The journey down from Cedar Chopper was much easier than up. Not as technical as the previous descents, I made better time, although some more confident runners still passed me. Once down from Cedar Chopper, we were dumped back on a dirt road where I was able to pass some of the runners who had passed me on the descent with an easy paced run/walk. I would run counting to 100 and then walk counting to 20 or 30 and repeat. It kept me engaged and gave me bite sized chunks of running to focus on. In the last couple of miles, we turned back up another rocky hill to Lemon Ridge. A 50k runner fell in behind me on the climb but seemed to like my pace and never tried to pass. I was feeling better as the sun had gone back behind the clouds and it was cooling slightly. We came into Lemon Ridge together, where I barely stopped to sign the book. Past Lemon Ridge AS we entered a short out and back section again before branching to the left on the last few miles into the Start/Finish. This last section was more technical and rocky again, with more descending, and the 50k runner passed me for good. I was tripping a lot more by now, and it frustrated me. This is when the cussing out rocks began, and I am sorry to stay it stayed around until the end. Finally, after several steep descents filled with rocks, I made it to the dirt road that led us back to the Start/Finish and 32 miles.

At the Start/Finish, it took me a little while to find Fi and Cathy at the car. They had the camp stove set up and were heating my pickle soup (it’s so good!) and cooking grilled cheese. I downed a fresh grilled cheese and sipped some soup while cussing about rocks. I told them my right foot had a hot spot under the toes, but I didn’t want to deal with it until Lemon Ridge AS, as I knew I was about to head back out through the 9 river crossings again. I also said I didn’t want to take my trekking poles until Gorman Falls AS, that I didn’t think the trail warranted them until we hit the tougher climbs and more technical sections. After we refilled my water and Nuun, I headed out.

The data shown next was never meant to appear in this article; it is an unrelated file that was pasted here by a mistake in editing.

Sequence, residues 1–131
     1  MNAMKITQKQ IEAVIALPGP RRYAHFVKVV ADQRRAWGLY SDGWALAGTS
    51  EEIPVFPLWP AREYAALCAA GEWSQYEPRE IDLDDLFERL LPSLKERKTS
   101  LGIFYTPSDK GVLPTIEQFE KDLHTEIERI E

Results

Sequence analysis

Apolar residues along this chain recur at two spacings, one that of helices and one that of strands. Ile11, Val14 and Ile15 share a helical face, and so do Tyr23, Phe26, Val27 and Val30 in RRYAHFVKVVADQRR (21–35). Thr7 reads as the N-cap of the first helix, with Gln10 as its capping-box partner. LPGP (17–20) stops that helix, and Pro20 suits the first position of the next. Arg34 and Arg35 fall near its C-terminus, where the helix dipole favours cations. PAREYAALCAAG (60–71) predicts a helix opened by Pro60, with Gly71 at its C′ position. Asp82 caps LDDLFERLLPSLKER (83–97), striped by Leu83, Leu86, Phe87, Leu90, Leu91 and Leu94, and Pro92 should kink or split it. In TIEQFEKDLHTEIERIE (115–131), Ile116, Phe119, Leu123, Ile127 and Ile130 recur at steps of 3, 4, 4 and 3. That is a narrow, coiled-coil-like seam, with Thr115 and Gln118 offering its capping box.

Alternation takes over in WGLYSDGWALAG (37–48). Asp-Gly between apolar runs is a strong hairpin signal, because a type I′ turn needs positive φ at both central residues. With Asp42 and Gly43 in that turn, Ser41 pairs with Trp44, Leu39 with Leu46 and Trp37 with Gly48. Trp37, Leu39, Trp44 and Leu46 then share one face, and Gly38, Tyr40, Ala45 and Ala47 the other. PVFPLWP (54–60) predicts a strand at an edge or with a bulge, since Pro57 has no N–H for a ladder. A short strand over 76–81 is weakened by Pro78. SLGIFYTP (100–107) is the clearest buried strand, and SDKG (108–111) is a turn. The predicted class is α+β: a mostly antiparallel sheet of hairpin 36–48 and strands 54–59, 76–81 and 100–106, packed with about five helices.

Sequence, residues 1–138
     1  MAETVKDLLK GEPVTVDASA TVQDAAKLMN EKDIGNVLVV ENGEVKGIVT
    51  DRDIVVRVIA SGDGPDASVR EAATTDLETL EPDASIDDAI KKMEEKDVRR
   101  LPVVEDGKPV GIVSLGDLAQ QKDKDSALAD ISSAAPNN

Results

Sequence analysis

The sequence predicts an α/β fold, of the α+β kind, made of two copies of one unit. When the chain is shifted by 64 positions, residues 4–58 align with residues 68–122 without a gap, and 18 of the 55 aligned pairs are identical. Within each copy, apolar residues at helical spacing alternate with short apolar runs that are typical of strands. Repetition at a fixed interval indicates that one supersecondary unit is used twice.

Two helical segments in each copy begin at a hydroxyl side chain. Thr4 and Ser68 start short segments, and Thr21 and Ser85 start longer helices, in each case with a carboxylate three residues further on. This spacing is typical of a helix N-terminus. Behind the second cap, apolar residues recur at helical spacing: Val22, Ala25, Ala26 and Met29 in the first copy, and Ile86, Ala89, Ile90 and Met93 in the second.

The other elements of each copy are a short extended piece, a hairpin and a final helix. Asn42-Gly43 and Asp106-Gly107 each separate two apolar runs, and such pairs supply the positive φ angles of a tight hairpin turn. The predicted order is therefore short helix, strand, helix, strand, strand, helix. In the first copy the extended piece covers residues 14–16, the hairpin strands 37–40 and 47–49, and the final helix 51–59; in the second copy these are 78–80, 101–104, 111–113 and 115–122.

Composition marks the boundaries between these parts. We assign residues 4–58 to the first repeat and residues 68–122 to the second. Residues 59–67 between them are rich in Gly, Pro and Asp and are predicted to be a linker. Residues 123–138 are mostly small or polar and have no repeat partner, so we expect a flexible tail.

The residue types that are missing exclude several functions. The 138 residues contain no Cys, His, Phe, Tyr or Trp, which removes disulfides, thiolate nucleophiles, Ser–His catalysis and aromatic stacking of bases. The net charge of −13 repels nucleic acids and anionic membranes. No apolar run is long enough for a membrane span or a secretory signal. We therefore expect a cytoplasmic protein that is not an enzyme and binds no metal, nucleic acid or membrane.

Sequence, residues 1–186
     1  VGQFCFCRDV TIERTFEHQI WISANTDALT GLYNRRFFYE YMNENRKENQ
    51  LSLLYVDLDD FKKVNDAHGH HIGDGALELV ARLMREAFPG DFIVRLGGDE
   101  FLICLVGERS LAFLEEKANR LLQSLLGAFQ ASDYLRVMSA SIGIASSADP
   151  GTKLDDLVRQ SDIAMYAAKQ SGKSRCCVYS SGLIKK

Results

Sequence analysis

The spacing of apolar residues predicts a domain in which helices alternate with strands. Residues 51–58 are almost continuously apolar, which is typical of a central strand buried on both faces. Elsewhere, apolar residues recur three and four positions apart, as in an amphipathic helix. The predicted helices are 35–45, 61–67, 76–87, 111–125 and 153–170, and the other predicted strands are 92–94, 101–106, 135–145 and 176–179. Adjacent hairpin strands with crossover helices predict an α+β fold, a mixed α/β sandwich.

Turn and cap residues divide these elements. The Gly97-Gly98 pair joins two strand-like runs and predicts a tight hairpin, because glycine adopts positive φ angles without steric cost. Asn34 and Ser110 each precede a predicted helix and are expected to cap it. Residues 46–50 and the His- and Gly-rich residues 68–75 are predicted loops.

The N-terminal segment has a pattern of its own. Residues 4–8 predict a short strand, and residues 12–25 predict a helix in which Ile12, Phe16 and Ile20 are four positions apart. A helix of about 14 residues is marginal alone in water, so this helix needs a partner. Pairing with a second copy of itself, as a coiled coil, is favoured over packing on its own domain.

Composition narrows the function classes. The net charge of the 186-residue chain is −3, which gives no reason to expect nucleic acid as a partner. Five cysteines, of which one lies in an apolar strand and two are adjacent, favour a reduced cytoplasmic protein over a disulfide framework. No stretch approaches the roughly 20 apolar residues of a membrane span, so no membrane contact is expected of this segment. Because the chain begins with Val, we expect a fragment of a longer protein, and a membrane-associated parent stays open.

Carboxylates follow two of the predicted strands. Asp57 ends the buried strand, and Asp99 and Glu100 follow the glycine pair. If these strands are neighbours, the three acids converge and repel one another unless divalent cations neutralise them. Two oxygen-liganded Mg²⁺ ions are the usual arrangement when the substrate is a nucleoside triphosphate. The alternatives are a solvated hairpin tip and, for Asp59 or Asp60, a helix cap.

I jogged the half mile back up to where the trail turned toward the creek crossings. The scrambles were slower this time, and for some reason the creek seemed higher. I am not sure if it was, or if I just chose my crossings more poorly. At one crossing I stepped wrong and sunk my entire right shoe and ankle into mud, with water almost to my knee. But nothing was too treacherous and I took it slowly. It was beginning to mist now, but the ground was still fairly dry. I had to hike more than run, even on the runnable sections, because my pinky toe on my right foot was killing me with every toe off. I knew I had to take care of it at Lemon Ridge AS and not put it off any longer. As I finished the last segment before Lemon Ridge, light was starting to dim, and I was glad I wouldn’t have much longer to the aid station as I had left the Start/Finish without my headlamp.

Cathy doctors a blister at Lemon Ridge

My stop at Lemon Ridge took even longer this time than the first loop. I changed into dry shoes and socks again, but we also took the time for Cathy to drain and bandage my blistered right pinky toe. I took my headlamp and a long sleeve, downed some 3fuel, and then Fi and I headed out for the trail. We made it to Windmill AS after dark, where we found Cathy waiting. I had another grilled cheese and some water. But in the dark I forgot that I was supposed to grab my jacket out of my drop bag and carry it with me. Since I saw Cathy at the aid station (which I hadn’t planned on), I didn’t think to go over to my drop bag. It was warm, and we headed out trying to make good time over the runnable dirt roads between Windmill AS and Gorman Falls AS. It was only days later that I remembered I was supposed to grab the jacket at Windmill and take it with me, giving it to my crew at Gorman Falls AS if I didn’t need it, as I was planning to leave my drop bags at the end of the race. Oh well, it was just a jacket.

Headed out of Lemon Ridge with Fiona

Fi and I made decent time to Gorman Falls AS in the dark. I was still feeling pretty good, tired, but nothing out of the ordinary. I was able to hold a good run/walk pattern and we kept some miles at 15 minutes or less as we passed a few runners. The dirt trails were starting to saturate with the mist that had become increasingly heavy since Lemon Ridge, and at times the mud would build up on our shoes and then kick off. But usually it just made the ground tacky and our shoes didn’t become too heavy.